‘No more than the rest of Russia, I’m sure,’ Victor said, heart leaping when Yuuri’s cheeks coloured. Victor tried to appear cool in response, but he’d never been able to manage such a thing when his heart was so treacherously light in his chest.
‘I’m glad to hear it,’ Yuuri said, bowing low like he had that evening at the ball. ‘Thank you for your apology, Mister Nikiforov. I’ll let you return to your practice.’
Yuuri went to leave and Victor panicked suddenly, not wanting Yuuri to go without the promise of seeing him again. He could not bear to lose him twice.
‘Allow me to make up for the transgression,’ Victor pleaded, desperation so clear in his voice it must’ve been what caused Yuuri to stop so suddenly.
Yuuri turned, looking at Victor with undisguised suspicion. When he spoke, his voice was carefully level; ‘How would you have me do that?’
‘Did you ever learn how to skate?’ Victor asked, pleased when Yuuri shook his head. Victor opened an arm behind himself, towards the rink entrance. ‘Then grant me the opportunity to teach you. If only once.’
Yuuri was remarkably well mannered, hiding his surprise well. But his cheeks coloured, eyes wide on Victor’s face that most endearingly gave him away.
‘You would teach me?’ Yuuri asked, eyes flirting down to take in the steel of Victor’s skates. ‘You would really do that?’
‘I don’t want you to feel obligated,’ Yuuri said, looking wary again. ‘I meant what I said that you are forgiven. You owe the crown nothing.’
‘I do not care so much for the Japanese court and even less for the Russian one, Your Grace,’ Victor said sincerely. ‘ I would not offer unless it was my own desire to do so.’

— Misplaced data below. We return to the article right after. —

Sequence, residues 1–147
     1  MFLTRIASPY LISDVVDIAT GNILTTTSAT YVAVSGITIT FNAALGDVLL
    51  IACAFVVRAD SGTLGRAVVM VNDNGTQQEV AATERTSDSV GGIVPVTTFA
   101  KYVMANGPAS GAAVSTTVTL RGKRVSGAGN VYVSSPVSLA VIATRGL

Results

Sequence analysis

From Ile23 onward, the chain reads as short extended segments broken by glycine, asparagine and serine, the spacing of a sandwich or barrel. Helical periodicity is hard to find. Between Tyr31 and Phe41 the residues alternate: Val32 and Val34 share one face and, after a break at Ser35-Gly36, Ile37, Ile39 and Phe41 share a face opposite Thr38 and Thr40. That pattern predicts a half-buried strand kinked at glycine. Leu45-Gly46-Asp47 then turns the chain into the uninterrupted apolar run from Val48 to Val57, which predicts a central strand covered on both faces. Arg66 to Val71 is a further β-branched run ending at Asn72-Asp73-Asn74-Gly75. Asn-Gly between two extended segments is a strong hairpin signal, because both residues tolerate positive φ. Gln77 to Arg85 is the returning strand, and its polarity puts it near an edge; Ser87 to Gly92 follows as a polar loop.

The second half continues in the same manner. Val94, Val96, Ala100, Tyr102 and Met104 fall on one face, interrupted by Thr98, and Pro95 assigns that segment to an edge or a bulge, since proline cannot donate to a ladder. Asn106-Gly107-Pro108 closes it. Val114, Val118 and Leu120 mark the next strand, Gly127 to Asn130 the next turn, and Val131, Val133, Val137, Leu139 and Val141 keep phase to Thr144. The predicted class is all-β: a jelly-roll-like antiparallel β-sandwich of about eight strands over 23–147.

Victor walked up towards Yuuri, closing the space between them. Victor couldn’t help himself. There was a gravity around Yuuri that pulled at Victor, something more than just beauty lurking in his eyes. A spark of interest that had been there since childhood, Victor thought.
When Yuuri had still said nothing, Victor then offered a hand out for Yuuri to shake. A gentlemen’s agreement, if Yuuri would accept. Yuuri hesitated for a moment, eyes fixed on Victor’s outstretched hand. Then, slowly, Yuuri reached out and took it. His hand was warm and it had Victor’s skin tingling.
Yuuri looked away from Victor’s face, voice low and endearing in Victor’s ear; ‘I must tell you something, Mister Nikiforov.’
‘You have my full attention,’ Victor said honestly, instantly regretful when Yuuri pulled his hand away.
‘I’ve followed your career for years,’ Yuuri said quietly, eyes still downcast. ‘You were so impressive and I was- I am, so in awe of your talent. I saw your show Aria in Geneva, almost two years ago to the day now.’
‘You were in Geneva?’ Victor asked, surprised. Yuuri looked up, spectacles catching the light like coins. ‘I never saw you. You should’ve sent me a letter, I would’ve made sure we met.’
‘I was afraid you would not remember me,’ Yuuri said, twisting his gloves. ‘I did not want to impose myself upon you or have you feel any kind of obligation, just because of my association.’
‘Yuuri,’ Victor said gently, reaching out to touch Yuuri’s elbow. Yuuri started, blushing brightly from Victor’s use of his name no doubt. Victor had never been one for manners. ‘I would have been so happy to see you then. I’m only sorry that we’ve lost time together.’
Yuuri licked his lips and Victor’s heart stumbled over itself to try and commit the action to memory.